Hermann's Whole Brain Model
People learn in many different ways. The brain is the source of who we are and how we learn. According to the Whole Brain Model from Ned Herrmann, each person basically has four brains when it comes to the process of thinking and learning. Depending on which quadrants we engage, our learning processes can be very different.
Brain dominance leads to thinking style preferences, which impact what we pay attention to and how and what we learn best. Each of these four "brains" or quadrants is listed below with words that typically characterize a person who uses that thinking style.
The Whole Brain Model is a mental model that describes thinking preferences. These are the ways of thinking that satisfy us the most and seem natural for us at this point in our lives. These ways of thinking can change, often as a result of significant emotional experiences, life transitions and other important insights. Thinking preferences describe the patterns of what we prefer to pay attention to and what we don't prefer to pay attention to.Thinking preferences can be different than our skills or the content of our work or our behavior, depending upon the situation. When we think or function differently than our preferences, even if we have excellent skills, it's more likely that we'll find it somewhat uncomfortable and consuming more of our energy.
The four thinking styles in the Whole Brain Model are:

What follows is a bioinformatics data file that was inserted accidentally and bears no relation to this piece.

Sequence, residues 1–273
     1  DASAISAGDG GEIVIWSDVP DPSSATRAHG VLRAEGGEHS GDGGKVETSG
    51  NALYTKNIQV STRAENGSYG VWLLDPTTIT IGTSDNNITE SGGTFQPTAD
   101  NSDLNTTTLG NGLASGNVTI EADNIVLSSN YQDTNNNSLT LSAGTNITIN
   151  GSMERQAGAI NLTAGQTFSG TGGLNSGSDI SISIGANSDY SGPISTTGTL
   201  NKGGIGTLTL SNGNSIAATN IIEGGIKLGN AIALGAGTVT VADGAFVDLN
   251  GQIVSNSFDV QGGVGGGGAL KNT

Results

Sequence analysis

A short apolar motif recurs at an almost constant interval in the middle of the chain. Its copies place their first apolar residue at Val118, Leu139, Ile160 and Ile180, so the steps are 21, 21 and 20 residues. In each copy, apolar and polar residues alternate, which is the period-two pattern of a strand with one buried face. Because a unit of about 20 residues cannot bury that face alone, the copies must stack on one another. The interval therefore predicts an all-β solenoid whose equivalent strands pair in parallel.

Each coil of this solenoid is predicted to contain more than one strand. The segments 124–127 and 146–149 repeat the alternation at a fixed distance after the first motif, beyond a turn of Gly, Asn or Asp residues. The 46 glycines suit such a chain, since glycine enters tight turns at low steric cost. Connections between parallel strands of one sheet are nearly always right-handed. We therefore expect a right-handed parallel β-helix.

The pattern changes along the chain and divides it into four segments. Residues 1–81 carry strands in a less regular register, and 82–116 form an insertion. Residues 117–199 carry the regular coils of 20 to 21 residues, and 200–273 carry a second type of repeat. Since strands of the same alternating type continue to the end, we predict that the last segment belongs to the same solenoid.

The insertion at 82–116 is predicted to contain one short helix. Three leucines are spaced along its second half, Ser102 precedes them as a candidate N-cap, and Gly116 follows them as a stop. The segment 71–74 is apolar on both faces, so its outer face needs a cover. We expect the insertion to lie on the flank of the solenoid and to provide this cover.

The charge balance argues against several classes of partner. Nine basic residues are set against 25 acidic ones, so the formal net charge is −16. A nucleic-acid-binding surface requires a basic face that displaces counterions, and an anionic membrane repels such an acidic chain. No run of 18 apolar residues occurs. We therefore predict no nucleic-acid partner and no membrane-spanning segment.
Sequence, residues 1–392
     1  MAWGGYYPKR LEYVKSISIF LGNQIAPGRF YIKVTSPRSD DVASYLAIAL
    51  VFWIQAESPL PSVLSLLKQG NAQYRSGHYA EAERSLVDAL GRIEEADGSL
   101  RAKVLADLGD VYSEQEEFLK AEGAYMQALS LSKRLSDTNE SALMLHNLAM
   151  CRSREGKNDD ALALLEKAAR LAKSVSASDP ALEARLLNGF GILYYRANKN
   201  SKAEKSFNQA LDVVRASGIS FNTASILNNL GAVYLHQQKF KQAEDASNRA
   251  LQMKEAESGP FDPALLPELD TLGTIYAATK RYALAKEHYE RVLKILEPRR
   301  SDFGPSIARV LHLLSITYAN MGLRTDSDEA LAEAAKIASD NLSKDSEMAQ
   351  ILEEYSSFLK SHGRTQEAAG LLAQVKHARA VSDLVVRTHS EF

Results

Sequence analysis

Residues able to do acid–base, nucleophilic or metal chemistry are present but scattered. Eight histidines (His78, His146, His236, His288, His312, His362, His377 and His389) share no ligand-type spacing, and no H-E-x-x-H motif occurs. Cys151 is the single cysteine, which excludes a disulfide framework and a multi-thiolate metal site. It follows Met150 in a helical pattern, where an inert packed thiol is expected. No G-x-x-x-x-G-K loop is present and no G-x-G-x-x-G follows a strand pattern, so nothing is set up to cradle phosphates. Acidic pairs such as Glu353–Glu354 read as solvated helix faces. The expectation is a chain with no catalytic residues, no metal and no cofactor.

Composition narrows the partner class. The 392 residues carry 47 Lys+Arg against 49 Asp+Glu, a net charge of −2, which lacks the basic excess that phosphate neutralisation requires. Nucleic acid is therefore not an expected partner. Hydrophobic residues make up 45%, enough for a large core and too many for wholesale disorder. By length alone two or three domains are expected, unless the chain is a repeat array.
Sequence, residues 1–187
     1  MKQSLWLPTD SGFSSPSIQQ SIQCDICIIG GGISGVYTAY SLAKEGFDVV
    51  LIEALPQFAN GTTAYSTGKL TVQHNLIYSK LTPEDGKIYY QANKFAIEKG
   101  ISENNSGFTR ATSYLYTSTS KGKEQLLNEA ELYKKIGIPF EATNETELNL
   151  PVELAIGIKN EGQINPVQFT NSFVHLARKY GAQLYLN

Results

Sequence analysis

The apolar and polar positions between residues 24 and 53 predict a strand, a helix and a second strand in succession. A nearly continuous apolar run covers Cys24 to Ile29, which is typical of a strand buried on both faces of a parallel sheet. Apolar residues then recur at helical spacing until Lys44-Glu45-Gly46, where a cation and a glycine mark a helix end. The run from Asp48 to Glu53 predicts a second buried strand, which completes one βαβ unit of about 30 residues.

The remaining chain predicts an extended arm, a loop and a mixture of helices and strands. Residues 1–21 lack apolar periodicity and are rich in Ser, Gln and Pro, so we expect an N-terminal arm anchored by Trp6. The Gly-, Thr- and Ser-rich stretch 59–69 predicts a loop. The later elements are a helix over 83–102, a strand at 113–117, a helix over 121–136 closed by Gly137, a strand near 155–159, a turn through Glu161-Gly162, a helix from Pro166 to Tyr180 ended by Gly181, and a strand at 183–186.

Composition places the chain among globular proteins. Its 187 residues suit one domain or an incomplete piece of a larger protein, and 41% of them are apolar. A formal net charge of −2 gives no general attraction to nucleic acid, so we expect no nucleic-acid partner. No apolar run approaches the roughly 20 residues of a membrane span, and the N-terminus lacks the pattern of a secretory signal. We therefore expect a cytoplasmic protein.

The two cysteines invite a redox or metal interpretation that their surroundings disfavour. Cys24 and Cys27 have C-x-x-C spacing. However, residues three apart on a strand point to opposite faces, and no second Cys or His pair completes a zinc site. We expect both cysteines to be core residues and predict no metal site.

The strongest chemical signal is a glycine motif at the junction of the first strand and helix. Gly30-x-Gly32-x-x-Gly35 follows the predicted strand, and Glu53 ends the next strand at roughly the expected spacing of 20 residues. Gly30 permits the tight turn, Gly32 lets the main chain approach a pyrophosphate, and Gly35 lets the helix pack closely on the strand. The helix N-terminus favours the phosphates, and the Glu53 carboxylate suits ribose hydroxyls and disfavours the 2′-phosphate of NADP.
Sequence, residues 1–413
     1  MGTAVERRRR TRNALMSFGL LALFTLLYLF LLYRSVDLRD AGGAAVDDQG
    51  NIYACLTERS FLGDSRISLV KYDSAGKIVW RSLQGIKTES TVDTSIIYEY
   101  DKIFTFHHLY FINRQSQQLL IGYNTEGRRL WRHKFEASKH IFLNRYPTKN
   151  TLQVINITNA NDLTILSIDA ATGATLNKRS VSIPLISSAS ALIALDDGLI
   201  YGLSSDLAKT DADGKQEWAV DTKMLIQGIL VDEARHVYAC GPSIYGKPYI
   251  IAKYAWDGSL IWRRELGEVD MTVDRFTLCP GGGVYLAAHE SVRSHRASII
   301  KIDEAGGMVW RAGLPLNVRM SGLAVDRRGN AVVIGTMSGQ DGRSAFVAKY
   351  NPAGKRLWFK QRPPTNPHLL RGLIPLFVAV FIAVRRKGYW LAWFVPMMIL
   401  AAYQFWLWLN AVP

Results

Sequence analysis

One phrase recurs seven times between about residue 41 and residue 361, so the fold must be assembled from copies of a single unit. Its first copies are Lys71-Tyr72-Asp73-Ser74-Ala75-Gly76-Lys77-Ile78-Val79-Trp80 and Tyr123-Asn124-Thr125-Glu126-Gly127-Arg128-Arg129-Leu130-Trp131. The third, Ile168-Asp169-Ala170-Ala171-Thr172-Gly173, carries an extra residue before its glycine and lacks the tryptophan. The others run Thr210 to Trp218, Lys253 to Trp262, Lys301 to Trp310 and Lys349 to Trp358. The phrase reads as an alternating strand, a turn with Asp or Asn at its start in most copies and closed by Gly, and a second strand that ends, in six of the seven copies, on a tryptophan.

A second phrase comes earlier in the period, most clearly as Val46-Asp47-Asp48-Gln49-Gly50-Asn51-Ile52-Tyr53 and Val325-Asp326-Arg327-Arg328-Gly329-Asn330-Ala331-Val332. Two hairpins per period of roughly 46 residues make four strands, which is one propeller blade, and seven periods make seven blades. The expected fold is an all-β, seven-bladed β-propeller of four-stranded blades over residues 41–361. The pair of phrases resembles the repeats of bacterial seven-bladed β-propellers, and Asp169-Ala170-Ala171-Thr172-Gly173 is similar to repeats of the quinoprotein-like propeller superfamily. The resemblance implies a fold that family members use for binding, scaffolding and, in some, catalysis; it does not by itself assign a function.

- BLUE - Logician/ Theorist (The Rational Self) - Analytical, mathematical, technical and problem solving. These are people who like lecture, facts, and details, critical thinking, textbooks and readings, etc. The brain dominance for theorists is the upper left (cerebral).
- GREEN - Organizer (The Safekeeping Self) - Controlled, conservative, planned, organized and administrative in nature. These are people who prefer to learn by outlining, checklists, exercises and problem solving with steps, policies and procedures. People with these preferences have lower left (limbic) brain dominance.
- RED - Communicator / Humanitarian (The Feeling Self) - Interpersonal, emotional, musical, spiritual and the "talker" modes.: Prefer cooperative learning and group discussion, role-playing, and dramatization. Their brain preference is lower right (limbic)
- YELLOW -Visionary / Innovators (The Experimental Self) - : Imaginative, synthesizing, artistic, holistic and conceptual modes. Innovators prefer brainstorming, metaphors, illustrations and pictures, mind mapping and synthesis, and holistic approaches. The brain dominance for innovators is upper right (cerebral).
A Rational Self
knows how things work,
D Experimental Self
B Safekeeping Self
C Feeling Self
At the core of the most recent book of Ned Herrmann, lies his belief that the functioning of the human brain is driven by a four-quadrant interconnected set of mental processing modes. These four thinking styles, says Herrmann, originate in the brain's left and right cerebral hemispheres, and in the left and right half limbic systems, each resulting in significantly different and distinct behavioral characteristics in human beings. How this complex brain interaction determines thinking mode dominance and thinking style preferences, and how individuals and organizations can benefit from such understanding, are the main themes of Herrmann's book. Hermann's work is widely used by training and development specialists. The Whole Brain Model supersedes "left brain/right brain" thinking in earlier models. Also it has advanced new concepts of thinking research and their applications in business settings. Dominant thinking in one of the four thinking styles, causes the development of thinking preferences. Then these thinking preferences establish our interests, foster the development of competencies, and influence our career choices and ultimately our work. Argues Herrmann.